Attendees:
Catherine Lourey, Commissioner, Karen Burns, Deputy Commissioner, Fay Jackson, Deputy Commissioner, Robyn Shields, Deputy Commissioner, Julie Robotham, Director Strategic Operations and Communications, Julie Zieth, Executive Officer,

Secretariat:
Louis Parry, Mental Health Commission of NSW 

Apologies:
Martin Cohen, Deputy Commissioner, Allan Sparkes, Deputy Commissioner

1. Welcome    

The Commissioner welcomed members to the meeting and acknowledged the traditional custodians of the land on which the attendees were meeting. The Commissioner also acknowledged the lived experience of people with mental illness. The Commissioner advised that due to unforeseen circumstances and other priority commitments, the first half of the meeting would be attended by two Deputy Commissioners and that further conversations will be held with the other Deputy Commissioners who are absent. As such, while the meeting will discuss the agenda, there may be items which will be further discussed when all Deputies can come together to have a broader and inclusive discussion – these include the approach to engaging Deputy Commissioners in the Commission’s work and the development of the Strategic Plan.

2.  Project update

2.1    Suicide Prevention Framework.
Julie Robotham joined the meeting to provide an update on the Strategic Framework on Suicide Prevention.  The Government invited the Commission to do this piece of work, which is being developed under the auspices of the Suicide Prevention Advisory Group (SPAG). The Minister for Mental Health has asked for the Framework to be developed with a strong community engagement component, and to identify priority programs of work for future investment. Points raised include:

  • This project is looking at the development of a whole of government piece of work, and is to develop a strategic framework for suicide prevention for the whole of NSW
  • The project aligns with Lifespan, and aligns to the Fifth National Mental Health Plan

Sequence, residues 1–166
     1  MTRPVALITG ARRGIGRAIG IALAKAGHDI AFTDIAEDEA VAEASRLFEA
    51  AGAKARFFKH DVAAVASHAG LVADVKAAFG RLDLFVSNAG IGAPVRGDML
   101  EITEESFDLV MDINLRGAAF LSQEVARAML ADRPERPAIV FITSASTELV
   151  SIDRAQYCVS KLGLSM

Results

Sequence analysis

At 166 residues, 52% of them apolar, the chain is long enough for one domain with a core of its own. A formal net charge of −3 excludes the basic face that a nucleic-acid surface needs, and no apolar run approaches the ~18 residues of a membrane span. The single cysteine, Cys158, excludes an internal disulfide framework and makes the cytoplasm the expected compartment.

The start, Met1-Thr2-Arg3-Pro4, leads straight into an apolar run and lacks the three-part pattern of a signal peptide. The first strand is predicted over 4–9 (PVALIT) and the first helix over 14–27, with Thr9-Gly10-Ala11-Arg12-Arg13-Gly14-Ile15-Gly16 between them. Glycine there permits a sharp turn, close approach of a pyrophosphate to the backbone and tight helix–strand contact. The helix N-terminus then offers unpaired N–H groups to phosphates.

• The community consultations will be held in four locations across NSW and there will be an online survey open to everyone to contribute to the process. 

2.2     Parliamentary Inquiry into prevention of youth suicide
Catherine Lourey spoke about her recent appearance at the NSW Parliament Joint Committee on Children and Young People’s inquiry into the Prevention of Youth Suicide in New South Wales, and the Committee’s interest in what needs to be done, the absence of suicide data for this age group and by locality, and the role of schools and families. 

3.  Aboriginal Mental Health Policy Mapping Project    

Julie Robotham gave an update on this project, advising that a half day workshop is being planned to bring together all agencies involved in the mapping exercise to discuss the initial findings and a way forward. 

4.  Engaging Deputy Commissioners    

4.1     Availability 

  • Deputy Commissioners’ availability needs to be confirmed, not only for the meetings, which should take priority, but as well as the type of involvement the Deputy Commissioner is available for e.g. community visits, out of hours events, rural travel to event, project involvement etc.
  • Flexibility is key to maximising the relationship, in achieving the Commission’s work priorities.

4.2    Work with individual strengths and interests/expertise

  • There is a need to align work with Deputy Commissioners’ strengths and expertise.
  • To optimise the relationship, the support of Commission staff was acknowledged, as was having the right staff mix.

4.3    How the work of the Deputies and the Deputy C ommissioner meetings can best work

  • It is worthwhile holding full-day meetings of the Deputy Commissioners. All bring something different to the table. It is important to understand, share and discuss perspectives. 
  • The Deputy Commissioners create something innovative in the way they work together.
  • Having a Deputy Commissioner with lived experience is unique and commands respect across the sector.
  • There is value in having capacity to increase the number of days that Deputy Commissioners are engaged, at times, when it is necessary.

4.4    Future considerations

  • Aboriginal mental health should stay on the agenda of Deputy Commissioners meetings.
  • Whether there is a need for Deputy Commissioners to have a closer structural role for projects and participation more broadly.
  • Fortnightly telephone conferences would keep Deputy Commissioners informed, and keep the team spirit going. Important issues can be flushed out in an open two-way conversation.
  • Deputy Commissioners with lived experience also have other experience and skills and should be engaged in events for this other experience also.
  • It is important that the engagement of Deputy Commissioners is done in a way that permits them to be sustained in their other lives.